Over the years, teachers have urged their students to read widely. That is the ideal way of developing confidence in language usage. Grammar is also mastered with relative ease through sheer familiarity. In Malaysia, it is openly acknowledged that general reading is not yet widespread. In buses, trains and aircraft, people seem to prefer to chat with a fellow traveller or just sit and stare in front of them. 
In England, to take a random example, people read as they travel to and from work or to the shops. Over a period of time, the individual becomes a citizen of a well-informed community. The mastery of reading by children requires cooperation between home and school. There must be a variety of print materials in the home. The more young children see parents and elders reading, the greater the probability that they will also take to reading. 
William James in his essay On A Certain Blindness In Human Beings relates the experience of a missionary in the depths of Africa. As he sat on the verandah of a bungalow reading a periodical, a crowd had gathered. They stood watching for a long time. Eventually one person approached the reader and quite reverentially, asked whether he could buy some of the “eye medicine” that the missionary was absorbing.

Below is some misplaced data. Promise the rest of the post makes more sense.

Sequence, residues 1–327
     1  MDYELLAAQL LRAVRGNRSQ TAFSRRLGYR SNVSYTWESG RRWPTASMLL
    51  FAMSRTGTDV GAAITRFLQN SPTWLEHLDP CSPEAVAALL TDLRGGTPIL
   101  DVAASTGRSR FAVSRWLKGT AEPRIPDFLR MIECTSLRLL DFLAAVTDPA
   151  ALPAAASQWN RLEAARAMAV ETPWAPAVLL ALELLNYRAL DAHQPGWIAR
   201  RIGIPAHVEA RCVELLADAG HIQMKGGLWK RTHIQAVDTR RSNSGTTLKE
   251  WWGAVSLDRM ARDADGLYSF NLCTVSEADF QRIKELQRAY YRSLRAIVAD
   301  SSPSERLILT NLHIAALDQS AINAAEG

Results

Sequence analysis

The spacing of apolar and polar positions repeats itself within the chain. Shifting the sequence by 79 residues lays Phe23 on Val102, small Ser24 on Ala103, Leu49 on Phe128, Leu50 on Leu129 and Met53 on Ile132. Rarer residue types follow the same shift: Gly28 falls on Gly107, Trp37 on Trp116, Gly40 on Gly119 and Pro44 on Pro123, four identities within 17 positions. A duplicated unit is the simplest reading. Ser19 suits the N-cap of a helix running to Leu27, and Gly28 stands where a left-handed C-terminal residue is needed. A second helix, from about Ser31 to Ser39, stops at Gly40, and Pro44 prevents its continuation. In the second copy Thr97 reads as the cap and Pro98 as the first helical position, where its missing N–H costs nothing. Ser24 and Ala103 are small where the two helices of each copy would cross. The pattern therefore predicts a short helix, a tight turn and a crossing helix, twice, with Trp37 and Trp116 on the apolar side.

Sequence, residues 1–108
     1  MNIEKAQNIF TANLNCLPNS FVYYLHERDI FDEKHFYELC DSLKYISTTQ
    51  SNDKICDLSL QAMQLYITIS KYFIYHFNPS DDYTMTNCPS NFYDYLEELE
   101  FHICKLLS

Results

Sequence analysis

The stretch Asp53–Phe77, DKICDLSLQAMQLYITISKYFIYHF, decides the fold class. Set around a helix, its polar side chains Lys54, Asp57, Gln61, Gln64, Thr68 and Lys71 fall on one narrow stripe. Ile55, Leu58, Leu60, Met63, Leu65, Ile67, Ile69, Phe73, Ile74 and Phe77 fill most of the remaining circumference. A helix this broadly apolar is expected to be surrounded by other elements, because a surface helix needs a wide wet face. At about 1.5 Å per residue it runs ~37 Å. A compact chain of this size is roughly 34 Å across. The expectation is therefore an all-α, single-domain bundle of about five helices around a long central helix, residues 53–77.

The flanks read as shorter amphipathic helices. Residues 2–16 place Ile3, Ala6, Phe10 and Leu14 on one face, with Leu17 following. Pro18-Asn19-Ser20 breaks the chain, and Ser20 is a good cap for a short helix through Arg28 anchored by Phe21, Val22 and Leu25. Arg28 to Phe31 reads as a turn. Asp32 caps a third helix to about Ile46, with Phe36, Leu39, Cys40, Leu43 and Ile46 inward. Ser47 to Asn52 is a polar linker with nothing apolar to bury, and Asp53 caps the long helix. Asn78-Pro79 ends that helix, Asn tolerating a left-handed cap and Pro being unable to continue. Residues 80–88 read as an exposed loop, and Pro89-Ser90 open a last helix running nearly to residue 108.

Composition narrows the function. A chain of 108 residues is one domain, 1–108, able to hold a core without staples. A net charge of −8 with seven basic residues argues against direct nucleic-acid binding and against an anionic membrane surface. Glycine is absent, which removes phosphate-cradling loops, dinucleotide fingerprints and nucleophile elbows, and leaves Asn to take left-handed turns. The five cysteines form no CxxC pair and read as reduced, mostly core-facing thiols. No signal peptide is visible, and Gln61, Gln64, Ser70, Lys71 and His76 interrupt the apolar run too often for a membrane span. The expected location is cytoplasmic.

The illiterate ones, whether young or old, are unable to grasp the link between the human being and the printed page. Yet it is this mysterious activity that has to be promoted more vigorously by Malaysian teachers and parents. There is really no substitute for wide reading. Students will steadily obtain deeper insights into the use of tenses as well as increase their stock of vocabulary. It doesn’t matter what sorts of fiction or non-fiction a student is interested in. 
Adolescent boys will take to detective and mystery stories, as well as to ghost stories and adventure and war settings. Girls may prefer romances and family chronicles. In the course of time, students may, of their own accord, try reading the classics or simplified versions of them. “Never put adult heads on adolescent shoulders” was the advice traditionally given to teacher trainees with regard to reading for secondary school students.

In 1975, a report entitled A Language For Life was published in Britain. It contains the findings and recommendations of a committee headed by Sir Alan Bullock. There are many useful observations and practical suggestions for all parents and language teachers.

The Bullock Report declares that the best way to prepare the very young child for reading is to hold him on your lap and read aloud to him stories that he likes over and over again. The printed page, the physical comfort and security, the reassuring voice, and the fascination of the story itself all combine in the child’s mind to identify books as something which hold great pleasure. I quote from paragraph 7.6 of the report: 
“Every time a parent reads aloud to a child, the child is learning that by some curious means the lines of print can be converted into stories which he can enjoy.”